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The Culleton bankruptcy – part 4 of 4 – and the effect of a “stay”

The end of this saga came on 10 February 2017, when the Full Federal Court made orders amending para 2 of its 3 February orders to re-state that the appeal of Mr Culleton be dismissed and adding that Balwyn’s legal costs be paid out of Culleton’s bankrupt estate. Brief reasons for making the costs order in favour of the respondent to the appeal were given: Culleton v Balwyn Nominees (No 2) [2017] FCAFC 12.

The bankruptcy of Mr Culleton is now activated, if that is the word for what happens when a stay of a sequestration order ends.

The effect of a stay

An important legal issue for lawyers and trustees is the effect of a stay.

Does it operate to stop a person becoming a ‘bankrupt’, despite the sequestration order, as Mr Culleton argued, or does it merely stay the effect of the order?

That question was raised in the Court of Disputed Returns before Gageler J who commented that

“A view had been taken that ss 44(iii) and 45 of the Constitution have operated in light of the sequestration order made by Barker J on 23 December 2016 to cause Senator Culleton’s place to be vacated notwithstanding that the order is the subject of an appeal to the Full Court of the Federal Court and that all proceedings under the sequestration order have been stayed pending the determination of that appeal …”.

However, Justice Gageler did not decide that issue, the High Court being concerned only with the impact of the criminal conviction, under s 44(ii) of the Constitution, on which the Court found against Mr Culleton: Re Culleton [2017] HCA 3.

The issue was also raised before the Full Federal Court, which dismissed Culleton’s appeal from his sequestration order: Culleton v Balwyn Nominees Pty Ltd [2017] FCAFC 8.

The judgment records a submission for Mr Culleton that the effect of a stay is “to nullify or stay the effect or the operation of the sequestration order itself”. The Full Court said

“it has not been necessary to decide whether this is correct. It should not be thought that by extending the stay we agree with that submission”.

Case law confirms the Full Court’s caution. A series of older cases have held that if a stay is granted by the court, the person is still a bankrupt at the date of the order, but the consequences of the Bankruptcy Act do not operate while the stay is in operation. It is not the sequestration order itself which operates to change the debtor’s status or vest his/her property in the trustee: the making of the order is simply the event upon which the Act (particularly s 43(2) and s 58(1)) operates to bring about the consequences for the debtor’s status and property: see Evans v Heather Thiedeke Group Pty Ltd [1990] FCA 376 referring also to Re Wardle; Ex parte Widin [1987] FCA 14 and Allanson v Midland Credit Ltd [1977] FCA 14.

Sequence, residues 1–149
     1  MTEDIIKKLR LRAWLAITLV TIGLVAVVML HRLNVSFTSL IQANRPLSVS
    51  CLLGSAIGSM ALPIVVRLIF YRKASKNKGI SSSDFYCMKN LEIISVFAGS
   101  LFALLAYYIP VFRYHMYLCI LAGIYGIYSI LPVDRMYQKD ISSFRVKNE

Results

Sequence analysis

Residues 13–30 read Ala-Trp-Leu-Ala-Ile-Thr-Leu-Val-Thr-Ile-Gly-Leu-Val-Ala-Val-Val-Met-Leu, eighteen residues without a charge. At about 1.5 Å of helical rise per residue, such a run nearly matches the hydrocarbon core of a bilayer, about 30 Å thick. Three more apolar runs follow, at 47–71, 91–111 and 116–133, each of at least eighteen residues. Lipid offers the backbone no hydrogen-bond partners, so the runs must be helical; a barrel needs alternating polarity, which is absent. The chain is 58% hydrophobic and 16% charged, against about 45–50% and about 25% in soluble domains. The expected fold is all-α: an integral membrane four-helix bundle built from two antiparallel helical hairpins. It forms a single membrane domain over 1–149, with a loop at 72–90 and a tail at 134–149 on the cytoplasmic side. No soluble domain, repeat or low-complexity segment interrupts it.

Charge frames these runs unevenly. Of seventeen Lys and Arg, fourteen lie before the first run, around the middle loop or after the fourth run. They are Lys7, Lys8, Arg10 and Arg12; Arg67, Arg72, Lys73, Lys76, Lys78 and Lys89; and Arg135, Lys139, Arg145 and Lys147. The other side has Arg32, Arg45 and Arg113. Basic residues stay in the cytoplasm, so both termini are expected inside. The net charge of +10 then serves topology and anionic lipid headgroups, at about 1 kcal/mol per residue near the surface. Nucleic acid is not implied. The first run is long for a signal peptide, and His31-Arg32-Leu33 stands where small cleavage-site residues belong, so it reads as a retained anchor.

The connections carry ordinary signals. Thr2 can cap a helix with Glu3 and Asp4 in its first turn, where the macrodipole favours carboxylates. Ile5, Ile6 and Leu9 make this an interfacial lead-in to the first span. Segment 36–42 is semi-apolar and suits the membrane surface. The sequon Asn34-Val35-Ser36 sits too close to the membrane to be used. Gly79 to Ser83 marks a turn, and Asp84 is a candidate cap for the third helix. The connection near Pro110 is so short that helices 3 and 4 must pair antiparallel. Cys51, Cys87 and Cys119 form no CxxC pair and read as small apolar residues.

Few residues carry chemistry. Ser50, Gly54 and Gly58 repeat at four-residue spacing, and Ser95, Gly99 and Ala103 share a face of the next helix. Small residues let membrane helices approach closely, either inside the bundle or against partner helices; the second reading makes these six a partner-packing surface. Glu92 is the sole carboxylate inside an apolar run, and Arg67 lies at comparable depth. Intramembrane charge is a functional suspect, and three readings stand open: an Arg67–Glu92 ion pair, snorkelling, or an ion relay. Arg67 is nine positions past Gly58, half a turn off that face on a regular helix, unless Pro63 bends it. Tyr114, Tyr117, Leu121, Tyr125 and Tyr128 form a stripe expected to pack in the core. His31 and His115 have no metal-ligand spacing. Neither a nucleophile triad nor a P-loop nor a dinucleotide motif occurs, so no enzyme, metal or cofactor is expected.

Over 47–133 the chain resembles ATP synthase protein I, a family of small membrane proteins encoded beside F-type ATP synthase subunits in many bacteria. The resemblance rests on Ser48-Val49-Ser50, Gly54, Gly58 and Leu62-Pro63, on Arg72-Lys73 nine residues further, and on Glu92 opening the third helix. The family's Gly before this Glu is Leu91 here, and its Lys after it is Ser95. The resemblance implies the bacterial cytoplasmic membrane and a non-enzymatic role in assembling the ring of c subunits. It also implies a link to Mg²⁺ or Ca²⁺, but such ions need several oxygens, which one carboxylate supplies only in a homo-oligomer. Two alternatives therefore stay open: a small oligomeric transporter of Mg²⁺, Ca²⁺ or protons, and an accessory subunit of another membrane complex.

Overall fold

The sequestration is still recorded on the NPII even though a stay is in operation: Watts v Bendigo & Adelaide Bank Ltd (No 2) [2010] FCA 1429.

‘Suspension’ of a sequestration order would have had the effect for which Mr Culleton contended. However s 37 of the Bankruptcy Act is not available. It was amended by the Bankruptcy Amendment Act 1991, to remove the power of a court to rescind or suspend a sequestration order, so as to confirm annulment and discharge as the two ways that bankruptcy ends. (It also ends when the sequestration order is set aside on appeal).

One issue that perhaps remains open is whether a stay under s 52(3) of the Bankruptcy Act for the first 21 days – “stay all proceedings under a sequestration order for a period not exceeding 21 days” – has a different effect than a stay for more days under FCR r 36.08(2) “stay the execution of the proceeding”.

Photo: UN Vienna

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